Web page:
The Moscow public relations manager has her tickets booked to go snowboarding in the Alps over the winter holiday. But first she plans to attend the next protest rally against forged parliamentary results, scheduled for this Saturday, December 24. (That’s not Christmas Eve for Russians, who celebrate by the Slavic calendar on January 7.)
Not every one of the 50,000 or so who joined Moscow’s December 10 protest -- by far the biggest of the post-Soviet period -- will be spending New Year’s in Kitzbuhel. But the PR executive is emblematic of a newly sprung movement that has surprised both itself and Russia’s political masters in the Kremlin. All indications are that the people who are doing best in Prime Minister Vladimir Putin’s Russia are the ones most disgruntled with its grounds rules -- or at least most vocal about it.
That paradox presents Putin with both opportunity and a dilemma. Opportunity stems from the fact that the Moscow marches are not escalating into Tahrir Square any time soon, barring some violent blunder by the police. The spirit is closer to the vague, though not trivial, complaints of Occupy Wall Street. Except the Moscow protestors are too busy getting ahead to occupy anything for more than a few hours on a weekend.
Another stroke of luck for Putin is that the protest movement -- not even a movement yet, really -- has no leader, thanks to the serial failure of liberal politicians over the last two decades. (See Russian Spring? Don't Hold Your Breath
.) The restless middle class is ripe for co-opting, most realistically by Putin himself if he could attune his old-school KGB spirit to its psychic wavelength. President Dmitry Medvedev, until lately the self-styled champion of “modernization,” is out of the running. His meek transformation back into a party hack has wrecked his credibility within and without the power elite.
Putin’s dilemma is that the toolkit he understands for diffusing discontent, raising pensions and propping up failing factories won’t work for the new crowd, whose spiritual grievances go to the heart of his vaunted “power vertical.” As the protesting and jet-setting PR manager put it, “I don’t want them to just tell me who the new president is without asking my opinion.”
In the busy week that followed the December 10 rally, Putin showed some willingness to adapt to changed circumstances. First of all, he let the gathering go forward, parting with his past policy of sending riot police to bust up any political assembly. This time interior ministry troops stood pacifically by while marchers presented them with flowers.
Putin sanctioned billionaire Mikhail Prokhorov (known on our shores as the somewhat eccentric owner of the New Jersey Nets) as a presidential competitor who could potentially magnetize some of the urban bourgeoisie. Putin also pulled the most respected figure in his inner circle, former finance minister Alexei Kudrin, off the bottom of the political deck, saying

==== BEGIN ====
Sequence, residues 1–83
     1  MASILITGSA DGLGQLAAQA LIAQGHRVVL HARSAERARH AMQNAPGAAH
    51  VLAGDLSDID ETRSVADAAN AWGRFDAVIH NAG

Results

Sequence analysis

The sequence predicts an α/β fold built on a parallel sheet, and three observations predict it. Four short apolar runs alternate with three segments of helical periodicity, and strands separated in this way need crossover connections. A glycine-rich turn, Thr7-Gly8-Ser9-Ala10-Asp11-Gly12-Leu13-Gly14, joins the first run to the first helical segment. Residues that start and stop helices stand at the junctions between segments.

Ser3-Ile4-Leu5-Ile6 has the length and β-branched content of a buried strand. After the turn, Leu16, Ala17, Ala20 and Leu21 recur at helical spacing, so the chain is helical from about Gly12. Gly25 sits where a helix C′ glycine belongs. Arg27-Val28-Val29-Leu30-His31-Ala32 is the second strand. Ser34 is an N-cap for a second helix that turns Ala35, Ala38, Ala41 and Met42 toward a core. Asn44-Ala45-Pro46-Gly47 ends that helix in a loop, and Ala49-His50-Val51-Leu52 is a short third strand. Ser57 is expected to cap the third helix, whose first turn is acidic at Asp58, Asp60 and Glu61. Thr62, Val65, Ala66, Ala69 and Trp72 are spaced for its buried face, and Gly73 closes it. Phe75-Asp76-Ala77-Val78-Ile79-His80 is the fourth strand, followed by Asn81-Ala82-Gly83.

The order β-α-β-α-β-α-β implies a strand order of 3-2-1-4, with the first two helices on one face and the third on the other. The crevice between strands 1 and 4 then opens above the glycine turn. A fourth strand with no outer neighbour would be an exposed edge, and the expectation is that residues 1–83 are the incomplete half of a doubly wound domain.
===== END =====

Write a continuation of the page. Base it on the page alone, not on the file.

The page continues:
that “such people will be needed in current and future governments.” Speculation began to swirl that Kudrin might come back to oust Medvedev as prime minister after Putin’s presumed return as president next March, or alternatively try to organize a viable center-right opposition.
Yet Putin’s performance on a live TV call-in show last week, an annual event that fortuitously followed the election uproar, showed that his attitude adjustment still has some way to go. He did at one point praise the “fresh faces” among the protestors, commenting, “If this is the result of Putinism, I am pleased.” But what seems to have stuck was his bizarre confusion
of the white ribbons marchers wore with condoms (Think George Bush Sr. not recognizing barcode scanners in the supermarket, only much more insulting.) Nor could Putin refrain from his old wheeze of insisting that at least some rally attendees were in the pay of foreign powers bent on destabilizing Russia.
So what happens now? The ball is in the protestors’ court. They need to muster another big crowd this weekend to maintain credibility. Then, under the best scenario, Putin will call off the ballot stuffers for the presidential election on March 4. He is thought to crave the absolute majority necessary to win in the first round. But he now has more to gain with an honest victory in a run-off against Communist leader Gennady Zyuganov, the most likely runner-up.
Such a contest would remind the progressive electorate that Putin is not the worst thing that could happen to them. Next Putin could appoint Kudrin, or perhaps liberal deputy prime minister Igor Shuvalov, as premier with a mandate to prune bureaucracy, sell off state companies, and continue Medvedev’s useful overhaul of the police and prosecutorial high commands.
Plenty can happen to upset this happy progression, of course, and probably will to some extent. But Putin and his retainers at least show signs of grasping the key lessons of December 10. First, this is not Tsarist Russia, where the Westernized intelligentsia was an isolated sliver of the population. Three out of four Russians live in cities these days, and the government itself classifies one-third of the country as middle class, something authorities are happy to boast about in other contexts. Second, most of those 50,000 protestors are exactly the people Putin needs to fulfill Russia’s centuries-old dream of holding its head proudly among the world’s most advanced nations.
If he ignores or stifles their cri de coeur, the supreme leader could face a real explosion next time commodities prices sink and economic distress compounds civic outrage. At best, he will accelerate the current flight of capital, talent and enthusiasm from Russia, sawing the floor out slowly from underneath the country’s best hopes. Your choice, Mr. Putin.
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